Tuesday, 13 February 2018

Phone-y Disguise

Ten-Pin Terrors (1953) features some good animation (the bulldog bowling at the start, Jeckle tapping his fingers against the bathtub at the end), nice backgrounds and a solid story.

One gag I particularly like is when the magpies disguise themselves as candlestick phones in a phone booth to get away from the angry dog. Here are some frames as the dog answers each phone (the third one is a real one; the operator tells him his two minutes are up).

Incidentally, an in-house paper called 20th Century Dynamo of April 18, 1953 not only announced Ten-Pin Terrors and other coming releases but also talked about bonuses given to branches in Canada and the U.S. that booked Terrytoons. The article is a wonderful piece of spin, saying how revenue for Terrytoons in the first quarter was below that of the previous quarter (and 1.6% from the previous year) and only 11 of 38 booking departments qualified for bonuses but things were looking up! Canadians evidently loved Terrytoons, as Vancouver, St. John, New Brunswick and Calgary all finished in the top ten.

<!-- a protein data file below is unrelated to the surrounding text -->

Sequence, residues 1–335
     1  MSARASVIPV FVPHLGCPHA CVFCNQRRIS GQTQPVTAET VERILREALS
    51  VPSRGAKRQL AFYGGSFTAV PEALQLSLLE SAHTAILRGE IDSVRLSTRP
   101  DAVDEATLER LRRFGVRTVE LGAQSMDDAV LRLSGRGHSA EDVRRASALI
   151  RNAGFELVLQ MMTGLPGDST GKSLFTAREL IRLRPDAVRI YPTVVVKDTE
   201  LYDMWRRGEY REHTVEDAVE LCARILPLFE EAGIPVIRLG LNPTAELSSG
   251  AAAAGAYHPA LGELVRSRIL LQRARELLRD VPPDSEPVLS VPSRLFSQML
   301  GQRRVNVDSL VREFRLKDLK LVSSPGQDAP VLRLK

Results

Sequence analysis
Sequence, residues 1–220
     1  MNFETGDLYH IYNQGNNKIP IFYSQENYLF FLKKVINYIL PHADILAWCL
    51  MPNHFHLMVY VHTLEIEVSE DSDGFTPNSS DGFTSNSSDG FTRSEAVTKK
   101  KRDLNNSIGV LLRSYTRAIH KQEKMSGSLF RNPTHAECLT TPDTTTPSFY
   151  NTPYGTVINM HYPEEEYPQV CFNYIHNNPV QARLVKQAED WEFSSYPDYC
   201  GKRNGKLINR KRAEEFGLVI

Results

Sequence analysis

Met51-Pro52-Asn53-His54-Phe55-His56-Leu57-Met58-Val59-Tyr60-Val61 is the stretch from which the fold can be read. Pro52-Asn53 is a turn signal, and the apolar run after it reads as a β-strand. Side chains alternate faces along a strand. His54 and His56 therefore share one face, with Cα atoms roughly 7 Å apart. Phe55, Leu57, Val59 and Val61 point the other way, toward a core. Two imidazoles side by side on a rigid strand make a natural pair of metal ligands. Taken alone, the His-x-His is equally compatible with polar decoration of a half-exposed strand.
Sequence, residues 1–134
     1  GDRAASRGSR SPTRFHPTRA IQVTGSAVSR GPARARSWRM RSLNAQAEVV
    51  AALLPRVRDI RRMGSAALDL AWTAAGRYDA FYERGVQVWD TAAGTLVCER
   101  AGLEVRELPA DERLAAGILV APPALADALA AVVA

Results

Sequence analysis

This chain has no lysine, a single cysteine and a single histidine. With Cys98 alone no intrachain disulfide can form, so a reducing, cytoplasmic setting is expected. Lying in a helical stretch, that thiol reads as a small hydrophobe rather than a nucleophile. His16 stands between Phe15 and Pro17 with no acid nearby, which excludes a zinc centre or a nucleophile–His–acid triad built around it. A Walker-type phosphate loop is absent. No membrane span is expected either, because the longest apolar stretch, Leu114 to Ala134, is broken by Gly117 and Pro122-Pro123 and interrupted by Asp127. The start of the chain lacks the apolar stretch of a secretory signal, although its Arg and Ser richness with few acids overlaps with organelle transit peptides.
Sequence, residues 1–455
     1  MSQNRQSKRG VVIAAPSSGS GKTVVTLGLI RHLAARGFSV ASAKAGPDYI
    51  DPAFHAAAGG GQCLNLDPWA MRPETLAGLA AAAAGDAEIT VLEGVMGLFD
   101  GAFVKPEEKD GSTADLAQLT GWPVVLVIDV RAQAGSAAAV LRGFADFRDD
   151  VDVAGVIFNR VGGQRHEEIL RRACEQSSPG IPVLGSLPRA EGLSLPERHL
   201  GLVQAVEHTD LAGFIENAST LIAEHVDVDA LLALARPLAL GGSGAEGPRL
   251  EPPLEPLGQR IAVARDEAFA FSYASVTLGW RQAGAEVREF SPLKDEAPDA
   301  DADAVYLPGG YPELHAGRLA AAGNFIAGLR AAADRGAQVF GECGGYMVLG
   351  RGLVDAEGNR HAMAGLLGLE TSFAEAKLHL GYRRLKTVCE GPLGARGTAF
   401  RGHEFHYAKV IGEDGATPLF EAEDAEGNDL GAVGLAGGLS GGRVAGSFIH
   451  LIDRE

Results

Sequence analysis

1. Are we to assume that there is a definitive answer to as to who was Heckle and who was Jeckle?

    1. Yes, they were identified in at least one cartoon.

  2. Heckle is the one who was circumcised.

  3. Heckle has the Brooklyn accent, Jeckle has the falsetto voice.

    The print of "Ten Pin Terrors" currently in circulation is missing a scene: After the bulldog breaks the chocolate syrup bottles on the bar with the billiard balls, H & J use the syrup along with whipped cream to disguise themselves as shuffling Uncle Toms to get away.

  4. The phone booth scene was animated by Jim Tyer. I always remember that Jeckle has an English accent by remembering Dr. Jekyll from the novel:Dr. Jekyll and Mr. Hyde. Dr. Jekyll was an English doctor.